Moustafa BayoumiMoustafa Bayoumi is the author of the critically acclaimed How Does It Feel To Be a Problem?: Being Young and Arab in America (Penguin), which won an American Book Award and the Arab American Book Award for Non-Fiction, and This Muslim American Life: Dispatches from the War on Terror. His writing has appeared in The New York Times Magazine, New York Magazine, The Guardian, The National,, The London Review of Books, The Nation, The Chronicle of Higher Education,The Progressive, and other places. His essay “Disco Inferno” was included in the collection Best Music Writing of 2006 (Da Capo). Bayoumi is also the co-editor of The Edward Said Reader (Vintage) and editor of Midnight on the Mavi Marmara: the Attack on the Gaza Freedom Flotilla and How It Changed the Course of the Israel/Palestine Conflict (O/R Books & Haymarket Books). With Lizzy Ratner, he also co-edited a special issue of The Nation magazine on Islamophobia (July 2-9, 2012). He has been featured in The Wall Street Journal,The Chicago Sun-Times, and on CNN, FOX News, Book TV, National Public Radio, and many other media outlets from around the world. Bayoumi is a professor of English at Brooklyn College, City University of New York. In 2015, he was awarded the honorary degree of Doctor of Humane Letters by Southern Vermont College. He lives in Brooklyn, New York.
This Muslim Life AmericaThis Muslim Life America - Over the last few years, Moustafa Bayoumi has been an extra in Sex and the City 2 playing a generic Arab, a terrorist suspect (or at least his namesake “Mustafa Bayoumi” was) in a detective novel, the subject of a trumped-up controversy because a book he had written was seen by right-wing media as pushing an “anti-American, pro-Islam” agenda, and was asked by a U.S. citizenship officer to drop his middle name of Mohamed.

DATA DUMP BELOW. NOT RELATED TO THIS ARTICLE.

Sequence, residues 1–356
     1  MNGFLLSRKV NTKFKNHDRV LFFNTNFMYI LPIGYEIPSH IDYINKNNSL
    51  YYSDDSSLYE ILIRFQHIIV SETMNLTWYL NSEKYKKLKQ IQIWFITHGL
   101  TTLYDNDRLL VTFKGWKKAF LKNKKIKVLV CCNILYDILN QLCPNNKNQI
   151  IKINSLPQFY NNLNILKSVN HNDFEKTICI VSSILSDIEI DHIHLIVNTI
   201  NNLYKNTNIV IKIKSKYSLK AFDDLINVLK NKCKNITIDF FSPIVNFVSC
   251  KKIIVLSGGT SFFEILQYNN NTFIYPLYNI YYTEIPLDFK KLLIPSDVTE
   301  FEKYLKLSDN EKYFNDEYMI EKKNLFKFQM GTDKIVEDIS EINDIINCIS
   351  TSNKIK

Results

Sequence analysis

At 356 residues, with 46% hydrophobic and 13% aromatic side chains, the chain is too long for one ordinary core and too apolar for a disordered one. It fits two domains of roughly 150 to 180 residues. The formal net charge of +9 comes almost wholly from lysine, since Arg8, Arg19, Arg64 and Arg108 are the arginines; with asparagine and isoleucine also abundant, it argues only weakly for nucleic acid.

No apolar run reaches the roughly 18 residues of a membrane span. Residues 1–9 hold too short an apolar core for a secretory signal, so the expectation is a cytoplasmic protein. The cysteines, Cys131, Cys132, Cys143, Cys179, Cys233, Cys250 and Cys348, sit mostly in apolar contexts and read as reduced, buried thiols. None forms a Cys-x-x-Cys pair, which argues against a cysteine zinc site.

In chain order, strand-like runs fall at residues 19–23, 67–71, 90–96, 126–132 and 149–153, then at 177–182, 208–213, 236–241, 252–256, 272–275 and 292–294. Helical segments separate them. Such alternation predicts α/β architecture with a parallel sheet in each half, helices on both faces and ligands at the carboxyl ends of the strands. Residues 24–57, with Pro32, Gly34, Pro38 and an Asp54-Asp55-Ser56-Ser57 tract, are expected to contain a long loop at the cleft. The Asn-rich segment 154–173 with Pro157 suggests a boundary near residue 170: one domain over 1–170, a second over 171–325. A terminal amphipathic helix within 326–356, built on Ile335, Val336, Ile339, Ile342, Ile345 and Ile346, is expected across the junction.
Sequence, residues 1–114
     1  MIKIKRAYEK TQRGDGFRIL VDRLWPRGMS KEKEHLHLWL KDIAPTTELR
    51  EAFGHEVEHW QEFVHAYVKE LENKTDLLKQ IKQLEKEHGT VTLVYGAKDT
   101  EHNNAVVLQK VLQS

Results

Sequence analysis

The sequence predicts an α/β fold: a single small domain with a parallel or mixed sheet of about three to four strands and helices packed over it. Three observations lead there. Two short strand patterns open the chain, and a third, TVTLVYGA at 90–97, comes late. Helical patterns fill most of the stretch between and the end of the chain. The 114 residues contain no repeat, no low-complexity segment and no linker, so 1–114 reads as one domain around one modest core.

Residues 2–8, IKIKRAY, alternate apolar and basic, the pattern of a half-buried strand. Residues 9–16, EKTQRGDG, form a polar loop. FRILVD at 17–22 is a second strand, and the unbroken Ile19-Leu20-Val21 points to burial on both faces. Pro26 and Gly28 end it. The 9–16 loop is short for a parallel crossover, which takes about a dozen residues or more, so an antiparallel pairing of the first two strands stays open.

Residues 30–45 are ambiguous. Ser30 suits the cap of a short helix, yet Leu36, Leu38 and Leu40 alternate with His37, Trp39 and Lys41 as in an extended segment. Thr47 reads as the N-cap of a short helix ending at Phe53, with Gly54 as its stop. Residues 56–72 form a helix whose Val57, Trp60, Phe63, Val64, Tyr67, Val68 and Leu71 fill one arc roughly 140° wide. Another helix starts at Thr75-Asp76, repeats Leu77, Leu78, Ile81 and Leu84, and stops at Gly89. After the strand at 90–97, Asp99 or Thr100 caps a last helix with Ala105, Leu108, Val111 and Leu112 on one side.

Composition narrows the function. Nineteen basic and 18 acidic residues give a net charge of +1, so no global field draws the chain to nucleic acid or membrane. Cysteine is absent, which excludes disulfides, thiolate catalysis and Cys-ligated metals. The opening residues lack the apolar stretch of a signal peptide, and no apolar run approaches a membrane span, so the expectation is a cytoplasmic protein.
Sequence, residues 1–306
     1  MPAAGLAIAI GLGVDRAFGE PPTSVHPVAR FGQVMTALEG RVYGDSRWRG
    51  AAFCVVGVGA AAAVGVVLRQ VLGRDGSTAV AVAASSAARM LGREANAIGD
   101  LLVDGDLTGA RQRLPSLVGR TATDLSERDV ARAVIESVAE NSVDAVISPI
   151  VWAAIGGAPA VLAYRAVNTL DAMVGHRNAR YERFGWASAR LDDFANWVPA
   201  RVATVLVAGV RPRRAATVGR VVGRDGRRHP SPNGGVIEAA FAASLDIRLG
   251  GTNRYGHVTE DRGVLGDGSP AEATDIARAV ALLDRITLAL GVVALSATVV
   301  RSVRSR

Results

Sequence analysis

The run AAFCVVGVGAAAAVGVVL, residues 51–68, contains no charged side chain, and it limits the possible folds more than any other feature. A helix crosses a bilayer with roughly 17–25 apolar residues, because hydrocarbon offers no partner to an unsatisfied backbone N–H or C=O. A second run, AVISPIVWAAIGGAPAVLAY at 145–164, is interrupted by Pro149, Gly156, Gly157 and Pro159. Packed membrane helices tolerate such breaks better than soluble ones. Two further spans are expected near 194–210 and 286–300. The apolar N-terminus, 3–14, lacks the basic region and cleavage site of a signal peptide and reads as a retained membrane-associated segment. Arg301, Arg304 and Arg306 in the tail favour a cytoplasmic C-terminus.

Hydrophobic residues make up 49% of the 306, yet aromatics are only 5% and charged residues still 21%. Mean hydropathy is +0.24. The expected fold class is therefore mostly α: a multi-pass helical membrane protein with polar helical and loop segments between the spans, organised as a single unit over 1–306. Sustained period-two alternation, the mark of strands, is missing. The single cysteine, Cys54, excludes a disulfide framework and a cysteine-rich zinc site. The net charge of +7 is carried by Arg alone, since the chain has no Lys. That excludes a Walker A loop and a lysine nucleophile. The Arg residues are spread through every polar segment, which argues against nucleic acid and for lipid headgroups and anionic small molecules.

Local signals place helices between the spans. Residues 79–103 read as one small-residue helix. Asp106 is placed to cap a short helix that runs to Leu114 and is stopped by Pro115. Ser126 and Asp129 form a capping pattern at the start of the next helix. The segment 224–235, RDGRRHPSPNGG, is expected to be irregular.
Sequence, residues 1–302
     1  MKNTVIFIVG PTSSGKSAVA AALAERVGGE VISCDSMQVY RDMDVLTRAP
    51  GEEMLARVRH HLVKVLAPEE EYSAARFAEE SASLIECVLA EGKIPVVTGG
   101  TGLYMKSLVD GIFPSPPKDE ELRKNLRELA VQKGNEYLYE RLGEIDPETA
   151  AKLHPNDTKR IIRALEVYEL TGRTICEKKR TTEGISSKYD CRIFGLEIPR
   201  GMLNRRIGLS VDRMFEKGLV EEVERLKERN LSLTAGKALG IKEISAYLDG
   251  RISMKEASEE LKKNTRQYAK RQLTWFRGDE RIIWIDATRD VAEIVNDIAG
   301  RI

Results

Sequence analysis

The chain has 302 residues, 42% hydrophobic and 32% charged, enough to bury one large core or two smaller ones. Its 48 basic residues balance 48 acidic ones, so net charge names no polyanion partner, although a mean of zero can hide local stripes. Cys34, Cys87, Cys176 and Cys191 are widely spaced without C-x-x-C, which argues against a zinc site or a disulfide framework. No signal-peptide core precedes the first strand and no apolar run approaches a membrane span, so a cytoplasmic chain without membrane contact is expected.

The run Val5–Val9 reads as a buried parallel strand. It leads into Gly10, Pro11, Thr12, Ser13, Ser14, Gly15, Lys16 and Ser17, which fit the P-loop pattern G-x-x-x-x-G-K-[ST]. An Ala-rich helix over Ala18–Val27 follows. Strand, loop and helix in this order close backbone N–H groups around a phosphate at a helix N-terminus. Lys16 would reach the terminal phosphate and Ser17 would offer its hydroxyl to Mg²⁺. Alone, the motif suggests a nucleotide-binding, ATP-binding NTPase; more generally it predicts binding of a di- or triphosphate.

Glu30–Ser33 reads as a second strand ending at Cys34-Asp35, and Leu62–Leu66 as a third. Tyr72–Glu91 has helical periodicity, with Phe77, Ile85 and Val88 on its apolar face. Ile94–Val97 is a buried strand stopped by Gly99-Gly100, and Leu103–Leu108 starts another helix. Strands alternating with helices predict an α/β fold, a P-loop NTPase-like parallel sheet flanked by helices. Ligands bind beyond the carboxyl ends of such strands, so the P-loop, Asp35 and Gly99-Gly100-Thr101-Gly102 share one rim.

Others have endured far worse fates. Sweeping arrests following the terrorist attacks of September 11, 2001 led to the incarceration and deportation of thousands of Arabs and Muslims, based almost solely on their national origin and immigration status. The NYPD, with help from the CIA, has aggressively spied on Muslims in the New York area as they go about their ordinary lives, from noting where they get their hair cut to eavesdropping on conversations in cafés. In This Muslim American Life, Moustafa Bayoumi reveals what the War on Terror looks like from the vantage point of Muslim Americans, highlighting the profound effect this surveillance has had on how they live their lives. To be a Muslim American today often means to exist in an absurd space between exotic and dangerous, victim and villain, simply because of the assumptions people carry about you. In gripping essays, Bayoumi exposes how contemporary politics, movies, novels, media experts and more have together produced a culture of fear and suspicion that not only willfully forgets the Muslim-American past, but also threatens all of our civil liberties in the present.

Marina BudhosMarina Budhos is an author of award-winning fiction and nonfiction, for both adults and young adults. Her latest book, Sugar Changed the World: A Story of Magic, Spice, Slavery, Freedom & Science, co-authored with her husband Marc Aronson, was a 2010 Los Angeles Times Book Award Finalist, a finalist for the YALSA Excellence in Nonfiction, and was cited by The New York Times as exemplary nonfiction for children.
Budhos will next publish two books: Watched (Wendy Lamb/Random House), a follow-up novel to her award-winning Ask Me No Questions, about surveillance of Muslim communities in our post 9/11 era. With Marc Aronson, she will also publish The Eyes of the World: Robert Capa and Gerda Taro & the Invention of Modern Photojournalism (Henry Holt and Company) in 2017.

Ms. Budhos has received an EMMA (Exceptional Merit Media Award), a Rona Jaffe Award for Women Writers, and has twice received a Fellowship from the New Jersey Council on the Arts. She has been a Fulbright Scholar to India, given talks throughout the country and abroad, and is currently an associate professor of English and Asian Studies at William Paterson University.
Home   About Us   Current Events   NewsLetter   Tickets  Membership/Contributions   Events Archive
Art   Books   Dance   Fashion   Film   Music   Theatre